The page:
But be that as it may, the increasing pressure on property lawyers to advise clients on the wider potential issues that may impact their client’s purchase remains. This includes flagging up the likely tax implications that could arise, as a recent ruling illustrates.
In this case1, HM Revenue & Customs won its argument – another win to add to its raft of wins against the taxpayer – in a case involving multiple dwelling tax relief (MDR). A buyer can claim MDR when they buy more than one dwelling where a transaction or a number of linked transactions include freehold or leasehold interests in more than one dwelling.
To work out the rate of tax chargeable to HMRC, you/the buyer is required to:
- Divide the total amount paid for the properties by the number of dwellings
- Work out the tax due on this figure
- Multiply this amount of tax by the number of dwellings
- The minimum rate of relief is 1% of the amount paid for the dwellings.
A key question, bearing in mind that there is no statutory definition of what amounts to being ‘suitable for use as a single dwelling’, is - how does HMRC decide what amounts to a separate dwelling for these purposes
What’s the background?
A couple bought a six-bedroomed property for £875,000. They submitted an SDLT return and self-assessing their liability as £35,750 (on the basis the property did not qualify for MDR). The following year, their representatives sought to amend the return so that they could claim MDR on the basis that the purchase was of the main house together with a separate annex.
The amount of SDLT self-assessed was reduced by £10,000 to £25,750. HMRC rejected their claim and said MDR did not apply to their purchase. A closure notice was accordingly issued and sent to them and the couple appealed. The closure notice was then upheld and so the couple brought an appeal.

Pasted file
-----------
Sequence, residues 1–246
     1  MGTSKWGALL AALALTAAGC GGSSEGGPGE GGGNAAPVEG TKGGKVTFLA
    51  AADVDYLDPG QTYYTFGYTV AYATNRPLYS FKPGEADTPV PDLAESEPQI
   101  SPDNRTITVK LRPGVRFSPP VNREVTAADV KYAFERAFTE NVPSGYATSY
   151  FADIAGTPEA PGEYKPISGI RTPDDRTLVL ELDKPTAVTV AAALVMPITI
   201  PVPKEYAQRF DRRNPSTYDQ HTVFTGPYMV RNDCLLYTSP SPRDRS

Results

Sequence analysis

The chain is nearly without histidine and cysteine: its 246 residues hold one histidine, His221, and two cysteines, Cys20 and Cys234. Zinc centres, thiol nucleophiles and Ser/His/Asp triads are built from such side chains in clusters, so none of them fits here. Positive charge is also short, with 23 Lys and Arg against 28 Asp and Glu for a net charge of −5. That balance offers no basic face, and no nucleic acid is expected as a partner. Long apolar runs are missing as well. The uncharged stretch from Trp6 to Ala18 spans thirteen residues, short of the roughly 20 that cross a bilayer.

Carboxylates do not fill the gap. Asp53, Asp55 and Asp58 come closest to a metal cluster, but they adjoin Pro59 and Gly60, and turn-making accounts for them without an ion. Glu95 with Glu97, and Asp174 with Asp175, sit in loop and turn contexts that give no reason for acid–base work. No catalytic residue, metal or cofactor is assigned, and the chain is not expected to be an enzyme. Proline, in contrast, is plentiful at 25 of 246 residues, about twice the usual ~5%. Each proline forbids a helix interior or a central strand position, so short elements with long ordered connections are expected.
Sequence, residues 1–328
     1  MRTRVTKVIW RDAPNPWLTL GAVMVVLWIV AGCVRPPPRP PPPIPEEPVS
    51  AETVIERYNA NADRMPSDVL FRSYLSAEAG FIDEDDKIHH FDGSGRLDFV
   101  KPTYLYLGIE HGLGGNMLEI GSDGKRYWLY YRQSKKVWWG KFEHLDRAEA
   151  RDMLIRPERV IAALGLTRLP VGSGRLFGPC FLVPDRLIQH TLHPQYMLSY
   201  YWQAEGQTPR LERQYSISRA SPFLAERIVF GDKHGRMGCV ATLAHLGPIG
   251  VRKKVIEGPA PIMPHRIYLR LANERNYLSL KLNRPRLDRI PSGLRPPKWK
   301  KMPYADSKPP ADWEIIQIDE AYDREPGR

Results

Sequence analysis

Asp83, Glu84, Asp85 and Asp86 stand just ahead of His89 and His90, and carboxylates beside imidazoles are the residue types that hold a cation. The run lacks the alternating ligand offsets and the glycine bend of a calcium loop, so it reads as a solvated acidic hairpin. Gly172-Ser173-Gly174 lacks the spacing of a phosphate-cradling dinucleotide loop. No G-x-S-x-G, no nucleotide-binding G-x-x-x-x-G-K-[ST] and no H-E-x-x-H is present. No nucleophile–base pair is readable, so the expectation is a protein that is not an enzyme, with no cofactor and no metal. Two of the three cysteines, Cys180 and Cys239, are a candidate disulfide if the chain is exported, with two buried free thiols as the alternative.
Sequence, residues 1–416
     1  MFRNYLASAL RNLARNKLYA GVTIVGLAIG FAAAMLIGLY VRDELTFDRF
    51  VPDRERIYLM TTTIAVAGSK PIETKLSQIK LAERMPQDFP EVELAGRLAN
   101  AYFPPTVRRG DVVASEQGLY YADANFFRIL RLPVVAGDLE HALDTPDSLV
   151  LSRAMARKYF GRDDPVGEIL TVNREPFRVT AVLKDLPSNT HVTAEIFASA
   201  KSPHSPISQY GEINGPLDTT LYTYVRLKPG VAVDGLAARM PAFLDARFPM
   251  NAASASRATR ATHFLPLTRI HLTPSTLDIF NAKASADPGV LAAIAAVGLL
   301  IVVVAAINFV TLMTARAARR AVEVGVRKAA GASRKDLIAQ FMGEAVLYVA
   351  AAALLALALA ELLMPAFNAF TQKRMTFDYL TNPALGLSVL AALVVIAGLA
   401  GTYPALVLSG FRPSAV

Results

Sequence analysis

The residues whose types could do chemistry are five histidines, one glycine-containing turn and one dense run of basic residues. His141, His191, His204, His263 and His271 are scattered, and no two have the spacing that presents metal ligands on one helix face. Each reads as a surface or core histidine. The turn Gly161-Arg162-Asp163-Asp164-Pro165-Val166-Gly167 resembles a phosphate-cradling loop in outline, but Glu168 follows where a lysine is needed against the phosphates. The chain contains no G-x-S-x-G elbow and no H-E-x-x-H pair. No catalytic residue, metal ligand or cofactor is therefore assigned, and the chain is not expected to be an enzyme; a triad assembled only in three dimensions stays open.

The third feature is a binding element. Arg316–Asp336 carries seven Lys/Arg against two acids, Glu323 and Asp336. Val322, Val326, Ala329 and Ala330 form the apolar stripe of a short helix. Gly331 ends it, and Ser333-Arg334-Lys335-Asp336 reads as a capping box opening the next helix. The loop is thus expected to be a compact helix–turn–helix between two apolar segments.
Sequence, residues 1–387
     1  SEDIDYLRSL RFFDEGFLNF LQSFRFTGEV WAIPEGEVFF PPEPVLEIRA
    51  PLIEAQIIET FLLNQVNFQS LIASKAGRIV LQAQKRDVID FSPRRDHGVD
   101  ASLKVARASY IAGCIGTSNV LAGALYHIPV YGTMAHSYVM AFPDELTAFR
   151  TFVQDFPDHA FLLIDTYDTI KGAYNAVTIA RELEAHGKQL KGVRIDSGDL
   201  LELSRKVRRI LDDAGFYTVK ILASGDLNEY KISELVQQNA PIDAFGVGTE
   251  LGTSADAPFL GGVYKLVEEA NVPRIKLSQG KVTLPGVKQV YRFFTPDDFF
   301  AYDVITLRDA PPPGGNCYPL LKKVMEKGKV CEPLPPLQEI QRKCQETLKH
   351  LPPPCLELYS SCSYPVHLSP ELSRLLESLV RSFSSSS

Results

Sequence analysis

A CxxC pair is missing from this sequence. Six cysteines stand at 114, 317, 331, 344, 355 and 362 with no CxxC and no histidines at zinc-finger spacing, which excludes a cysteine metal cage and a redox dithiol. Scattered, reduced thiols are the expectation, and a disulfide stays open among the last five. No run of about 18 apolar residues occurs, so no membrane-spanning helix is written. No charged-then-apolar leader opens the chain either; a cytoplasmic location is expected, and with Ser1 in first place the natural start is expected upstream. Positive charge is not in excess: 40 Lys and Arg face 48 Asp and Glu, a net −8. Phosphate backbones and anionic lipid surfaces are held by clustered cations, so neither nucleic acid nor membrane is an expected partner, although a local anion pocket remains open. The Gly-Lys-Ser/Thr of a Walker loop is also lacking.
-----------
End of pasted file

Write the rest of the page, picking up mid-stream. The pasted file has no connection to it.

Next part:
The crux of the issue for the First-Tier Tax Tribunal was whether the buyers had purchased one large house or whether it should be created for tax purposes as two separate dwellings.
The tribunal paid close attention to the physical nature and layout of the property itself, the rooms and areas that were particularly in issue, even the fuse board, circuit breakers and utilities.
It also made clear that to claim MDR, the disputed area must be suitable for use as a single dwelling at the time of completion. That does not include properties with the capacity to be used as dwellings after modification (it pointed out, for instance, that the bedroom would be suitable for use as a dwelling with minor modifications).
It was a balancing act but the tribunal found that the factors for and against the disputed area’s suitability as a single dwelling came down firmly against. The property was not suitable for use as a single dwelling and did not, therefore, qualify for MDR.
What does this mean?
When advising purchasers, conveyancers must consider the potential tax implications of the transaction and, at the very least, advise them to take specialist tax advice where necessary.
Conveyancers will find the tribunal judge’s comments on what amounts to a single dwelling useful in practical terms. She said: “The use of the word ‘single’ shows that the dwelling must have some sense of unity. It should have coherence as one identifiable property”.
Conveyancers and tax lawyers in particular need to be alert to the ruling and how the tribunal approached the issues.
1Wilkinson v HMRC  TC/2020/01097